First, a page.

Cruelty Becomes Life or Death 

In the novel ‘Frankenstein,’by Mary Shelley, there are many different characters that go through different acts of cruelty. But one character that sticks out from everyone else is the monster himself. This creature has been through many different forms of cruelty both physical and emotional. The topic of cruelty affects the theme of the novel as a whole because it shows that being mistreated has an effect on you and can lead to becoming something you are not, like a monster.

Cruelty is the driving force behind nearly every plot development. Set in 18th century Geneva, scientific mastermind, Victor Frankenstein, embarks upon a treacherous journey to satisfy his undying want to create life; however, Victor and his creation become overwhelmed by their own selfish ambitions and bitter resentments of one another, resulting in horrific misfortune for them both. Through the pair’s lack of understanding for each other’s circumstances as well as their mean-spirited desires for revenge, Shelley illustrates to her audience how easy it is for cruelty to turn an innocent victim into a heartless monster.

In order to attract Victor’s attention, the monster resorted to killing his younger brother, five-year-old William. The cruelty which was continually exhibited toward the creation finally blackened his naïve heart, causing him to become a creature capable of great destruction. Had someone simply saw past his horrific features and shown him how to give and receive love, he could have remained an innocent, humble creature, but, instead, cruelty turned the impressionable, young victim into yet another ruthless perpetrator.

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His killing spree did not stop with William but continued as he framed the innocent Justine and murdered Victor’s own wife in response to Victor’s refusal to create the monster his own companion.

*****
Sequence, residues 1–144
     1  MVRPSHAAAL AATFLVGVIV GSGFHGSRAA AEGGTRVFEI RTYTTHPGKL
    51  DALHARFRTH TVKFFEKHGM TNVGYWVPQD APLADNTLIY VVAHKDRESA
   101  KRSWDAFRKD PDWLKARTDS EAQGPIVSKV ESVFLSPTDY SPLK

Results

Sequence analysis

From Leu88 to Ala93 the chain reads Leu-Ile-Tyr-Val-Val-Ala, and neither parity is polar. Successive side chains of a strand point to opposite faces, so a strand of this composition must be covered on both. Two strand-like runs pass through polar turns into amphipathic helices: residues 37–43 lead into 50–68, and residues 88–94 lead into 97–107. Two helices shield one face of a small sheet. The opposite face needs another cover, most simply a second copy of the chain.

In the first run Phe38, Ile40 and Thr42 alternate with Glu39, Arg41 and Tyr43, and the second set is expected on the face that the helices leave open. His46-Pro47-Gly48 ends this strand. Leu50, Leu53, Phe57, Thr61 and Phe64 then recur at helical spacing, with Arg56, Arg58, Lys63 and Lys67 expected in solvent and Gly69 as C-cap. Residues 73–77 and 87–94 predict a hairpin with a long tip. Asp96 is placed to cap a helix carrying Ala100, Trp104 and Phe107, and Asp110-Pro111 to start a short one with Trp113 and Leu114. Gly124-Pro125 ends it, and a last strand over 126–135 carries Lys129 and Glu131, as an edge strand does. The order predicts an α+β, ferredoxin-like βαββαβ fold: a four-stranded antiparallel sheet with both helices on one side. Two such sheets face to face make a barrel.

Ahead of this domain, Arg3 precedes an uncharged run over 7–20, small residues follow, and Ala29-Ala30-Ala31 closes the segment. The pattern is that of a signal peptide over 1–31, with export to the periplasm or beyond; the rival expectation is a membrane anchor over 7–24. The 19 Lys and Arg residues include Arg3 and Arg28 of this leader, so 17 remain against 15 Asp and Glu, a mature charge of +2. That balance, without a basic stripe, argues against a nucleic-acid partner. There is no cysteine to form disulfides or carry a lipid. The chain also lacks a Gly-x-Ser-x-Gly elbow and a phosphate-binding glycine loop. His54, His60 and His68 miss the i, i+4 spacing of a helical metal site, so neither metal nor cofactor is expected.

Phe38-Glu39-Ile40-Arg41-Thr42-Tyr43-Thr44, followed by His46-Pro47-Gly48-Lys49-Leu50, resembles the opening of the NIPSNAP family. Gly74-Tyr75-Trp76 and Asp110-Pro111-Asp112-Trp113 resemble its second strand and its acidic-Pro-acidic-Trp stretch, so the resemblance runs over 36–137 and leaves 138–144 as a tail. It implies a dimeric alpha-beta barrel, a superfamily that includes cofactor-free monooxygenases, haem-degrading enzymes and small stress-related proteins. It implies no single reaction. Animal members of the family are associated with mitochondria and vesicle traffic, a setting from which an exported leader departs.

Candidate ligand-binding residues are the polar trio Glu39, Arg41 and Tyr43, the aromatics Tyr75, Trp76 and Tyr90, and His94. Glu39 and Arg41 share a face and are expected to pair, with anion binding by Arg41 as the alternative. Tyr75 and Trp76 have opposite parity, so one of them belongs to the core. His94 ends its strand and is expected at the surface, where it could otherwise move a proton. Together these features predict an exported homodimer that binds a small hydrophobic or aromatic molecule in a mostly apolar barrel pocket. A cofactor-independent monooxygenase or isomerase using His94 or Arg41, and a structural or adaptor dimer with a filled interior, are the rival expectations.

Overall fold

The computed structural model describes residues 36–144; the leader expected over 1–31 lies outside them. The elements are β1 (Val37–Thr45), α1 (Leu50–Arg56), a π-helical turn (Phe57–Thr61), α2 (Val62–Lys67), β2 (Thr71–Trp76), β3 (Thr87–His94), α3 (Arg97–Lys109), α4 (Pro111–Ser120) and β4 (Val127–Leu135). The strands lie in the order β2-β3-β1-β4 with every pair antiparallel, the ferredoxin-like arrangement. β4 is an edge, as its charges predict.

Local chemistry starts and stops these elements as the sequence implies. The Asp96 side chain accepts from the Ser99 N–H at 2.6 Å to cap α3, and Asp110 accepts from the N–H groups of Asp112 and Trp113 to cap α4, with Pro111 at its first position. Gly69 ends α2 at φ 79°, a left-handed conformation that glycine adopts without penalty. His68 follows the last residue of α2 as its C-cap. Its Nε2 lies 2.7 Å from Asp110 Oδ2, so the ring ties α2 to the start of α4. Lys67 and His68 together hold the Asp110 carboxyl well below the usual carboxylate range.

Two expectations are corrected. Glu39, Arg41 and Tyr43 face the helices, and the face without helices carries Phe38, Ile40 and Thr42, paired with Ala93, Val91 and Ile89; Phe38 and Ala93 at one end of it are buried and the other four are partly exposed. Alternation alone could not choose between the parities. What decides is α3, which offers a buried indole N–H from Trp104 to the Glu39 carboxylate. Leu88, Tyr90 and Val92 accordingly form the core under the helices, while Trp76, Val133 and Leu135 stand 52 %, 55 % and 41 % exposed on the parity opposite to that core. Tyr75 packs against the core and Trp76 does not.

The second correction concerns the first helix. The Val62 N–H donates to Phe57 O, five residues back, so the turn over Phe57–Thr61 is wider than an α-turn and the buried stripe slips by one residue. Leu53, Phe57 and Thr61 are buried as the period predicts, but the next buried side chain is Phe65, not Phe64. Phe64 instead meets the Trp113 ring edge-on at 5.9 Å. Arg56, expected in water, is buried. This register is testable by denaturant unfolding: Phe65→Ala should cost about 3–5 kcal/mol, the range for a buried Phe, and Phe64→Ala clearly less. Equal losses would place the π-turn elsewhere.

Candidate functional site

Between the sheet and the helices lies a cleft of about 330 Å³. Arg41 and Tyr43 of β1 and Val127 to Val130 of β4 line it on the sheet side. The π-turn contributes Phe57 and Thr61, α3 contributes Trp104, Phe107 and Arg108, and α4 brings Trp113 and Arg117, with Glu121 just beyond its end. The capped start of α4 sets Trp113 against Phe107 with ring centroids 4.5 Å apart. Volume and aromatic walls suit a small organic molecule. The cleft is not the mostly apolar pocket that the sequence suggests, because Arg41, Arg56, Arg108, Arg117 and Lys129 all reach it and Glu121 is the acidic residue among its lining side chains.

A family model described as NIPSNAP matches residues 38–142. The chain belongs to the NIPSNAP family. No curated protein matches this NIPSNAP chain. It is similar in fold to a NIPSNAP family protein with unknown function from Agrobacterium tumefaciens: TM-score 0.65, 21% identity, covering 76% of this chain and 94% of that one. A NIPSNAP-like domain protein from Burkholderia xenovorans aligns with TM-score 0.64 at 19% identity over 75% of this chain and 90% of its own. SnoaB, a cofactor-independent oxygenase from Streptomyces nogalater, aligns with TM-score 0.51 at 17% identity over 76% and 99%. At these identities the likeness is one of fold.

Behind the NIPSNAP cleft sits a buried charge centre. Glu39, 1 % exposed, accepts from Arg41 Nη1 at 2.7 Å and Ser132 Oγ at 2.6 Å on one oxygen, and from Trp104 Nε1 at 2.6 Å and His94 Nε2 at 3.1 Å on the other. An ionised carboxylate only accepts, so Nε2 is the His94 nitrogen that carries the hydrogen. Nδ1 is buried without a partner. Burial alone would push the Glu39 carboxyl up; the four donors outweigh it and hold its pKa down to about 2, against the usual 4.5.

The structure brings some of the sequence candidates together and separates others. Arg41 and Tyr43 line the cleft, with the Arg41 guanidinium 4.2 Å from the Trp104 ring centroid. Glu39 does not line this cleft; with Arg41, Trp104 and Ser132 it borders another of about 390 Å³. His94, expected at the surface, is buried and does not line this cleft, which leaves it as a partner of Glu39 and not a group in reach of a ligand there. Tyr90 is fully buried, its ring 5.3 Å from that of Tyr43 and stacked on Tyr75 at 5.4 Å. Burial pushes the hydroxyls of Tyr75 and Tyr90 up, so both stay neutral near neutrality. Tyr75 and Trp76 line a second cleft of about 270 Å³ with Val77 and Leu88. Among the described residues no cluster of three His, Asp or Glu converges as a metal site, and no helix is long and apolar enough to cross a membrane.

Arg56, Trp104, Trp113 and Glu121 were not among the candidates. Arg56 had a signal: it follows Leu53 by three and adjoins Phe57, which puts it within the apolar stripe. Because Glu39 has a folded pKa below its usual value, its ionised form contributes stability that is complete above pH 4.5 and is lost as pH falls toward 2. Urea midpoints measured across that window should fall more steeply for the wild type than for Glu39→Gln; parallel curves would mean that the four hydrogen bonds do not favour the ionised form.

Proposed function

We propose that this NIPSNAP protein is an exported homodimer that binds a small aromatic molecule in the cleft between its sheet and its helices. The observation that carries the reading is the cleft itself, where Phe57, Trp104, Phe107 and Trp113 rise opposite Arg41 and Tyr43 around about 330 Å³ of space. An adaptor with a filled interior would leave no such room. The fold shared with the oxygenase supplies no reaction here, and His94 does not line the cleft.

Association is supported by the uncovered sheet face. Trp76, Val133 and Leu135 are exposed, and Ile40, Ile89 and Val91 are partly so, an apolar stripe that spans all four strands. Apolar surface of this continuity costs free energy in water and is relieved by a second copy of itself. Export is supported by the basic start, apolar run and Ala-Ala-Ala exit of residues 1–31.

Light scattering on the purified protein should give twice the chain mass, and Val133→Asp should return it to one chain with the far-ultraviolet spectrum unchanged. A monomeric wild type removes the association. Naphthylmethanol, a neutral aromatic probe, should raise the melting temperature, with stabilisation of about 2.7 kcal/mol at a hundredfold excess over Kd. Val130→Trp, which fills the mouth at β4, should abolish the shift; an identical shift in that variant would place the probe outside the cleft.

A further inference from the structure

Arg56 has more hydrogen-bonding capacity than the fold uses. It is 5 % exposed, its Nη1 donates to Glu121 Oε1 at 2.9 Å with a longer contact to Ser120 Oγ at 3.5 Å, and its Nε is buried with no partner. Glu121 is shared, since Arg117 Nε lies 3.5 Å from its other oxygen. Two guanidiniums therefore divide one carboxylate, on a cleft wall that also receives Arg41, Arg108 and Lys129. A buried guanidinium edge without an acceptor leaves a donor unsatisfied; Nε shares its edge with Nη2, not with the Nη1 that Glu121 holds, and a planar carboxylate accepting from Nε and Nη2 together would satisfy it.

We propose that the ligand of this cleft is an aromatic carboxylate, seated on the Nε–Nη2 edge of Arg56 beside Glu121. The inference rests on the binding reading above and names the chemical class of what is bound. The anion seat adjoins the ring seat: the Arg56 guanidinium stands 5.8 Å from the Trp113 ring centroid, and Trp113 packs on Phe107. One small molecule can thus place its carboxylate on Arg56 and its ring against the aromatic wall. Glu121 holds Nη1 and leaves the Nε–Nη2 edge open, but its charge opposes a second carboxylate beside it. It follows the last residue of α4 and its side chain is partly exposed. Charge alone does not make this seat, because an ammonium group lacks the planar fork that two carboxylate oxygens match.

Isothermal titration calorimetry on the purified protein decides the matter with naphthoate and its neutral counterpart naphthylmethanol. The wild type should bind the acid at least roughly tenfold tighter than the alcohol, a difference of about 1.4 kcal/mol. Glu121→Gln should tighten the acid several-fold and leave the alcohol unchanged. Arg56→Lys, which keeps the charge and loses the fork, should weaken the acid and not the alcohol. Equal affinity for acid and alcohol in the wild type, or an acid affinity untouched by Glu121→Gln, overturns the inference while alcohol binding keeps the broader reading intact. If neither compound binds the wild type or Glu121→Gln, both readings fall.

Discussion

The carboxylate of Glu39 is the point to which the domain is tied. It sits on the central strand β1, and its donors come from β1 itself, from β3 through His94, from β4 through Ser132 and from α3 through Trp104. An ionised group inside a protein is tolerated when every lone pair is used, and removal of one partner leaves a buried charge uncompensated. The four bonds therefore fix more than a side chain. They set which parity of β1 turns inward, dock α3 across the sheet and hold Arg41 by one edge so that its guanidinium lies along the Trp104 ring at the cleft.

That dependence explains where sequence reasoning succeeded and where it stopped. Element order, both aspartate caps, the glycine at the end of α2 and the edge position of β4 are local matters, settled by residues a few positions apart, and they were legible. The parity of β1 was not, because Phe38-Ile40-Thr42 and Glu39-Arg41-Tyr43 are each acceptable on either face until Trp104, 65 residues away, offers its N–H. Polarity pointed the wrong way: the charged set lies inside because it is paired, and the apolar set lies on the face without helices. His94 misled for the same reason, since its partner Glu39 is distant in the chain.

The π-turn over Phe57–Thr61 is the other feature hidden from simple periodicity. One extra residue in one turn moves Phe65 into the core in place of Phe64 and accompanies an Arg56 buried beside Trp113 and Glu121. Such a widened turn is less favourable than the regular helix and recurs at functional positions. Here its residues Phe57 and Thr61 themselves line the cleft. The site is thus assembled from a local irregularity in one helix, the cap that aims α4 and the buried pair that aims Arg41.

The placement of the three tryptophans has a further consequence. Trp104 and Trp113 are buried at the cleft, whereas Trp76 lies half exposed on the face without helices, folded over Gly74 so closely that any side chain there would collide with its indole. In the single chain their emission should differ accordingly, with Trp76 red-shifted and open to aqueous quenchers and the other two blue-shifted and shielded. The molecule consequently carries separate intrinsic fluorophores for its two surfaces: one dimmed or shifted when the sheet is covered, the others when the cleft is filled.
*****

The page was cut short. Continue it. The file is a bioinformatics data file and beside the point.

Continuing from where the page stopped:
Through all of these cruelly motivated plot developments, a powerful lesson is taught: Kindness breeds kindness, and cruelty breeds cruelty. Victor played god, yet, unlike God, he abandoned his creation, leaving him to fend for himself. With the creation of life comes responsibility, and Victor did not fulfill his parental role to his creation. It was his duty to the creature to not only bestow life but to teach him how to live. All of the brutal murder and aching despair of the novel could have been avoided had Victor taught the creature to love from the beginning rather than cultivating him in the deep-rooted ways of cruelty. In conclusion, Frankenstein is a story of cruelty from the very beginning. Victor and his creation are each consumed by cruelty, causing them to lose all of the happiness they acquire throughout their lives. Cruelty is a choice, not a destined fate. The creation is often referred to as a “monster,” but at birth, he is far from any kind of monster. He is an innocent victim of fate. Victors and the creation both end as monsters due to their actions, not appearances. Cruelty is a choice, and it is their choices that made them so miserable, not their genes. In all actuality, cruelty becomes a life or death situation you can not create something and then become crucial to it.

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Cruelty Becomes Life or Death . (2021, Dec 05). Retrieved from

Cruelty Becomes Life or Death 
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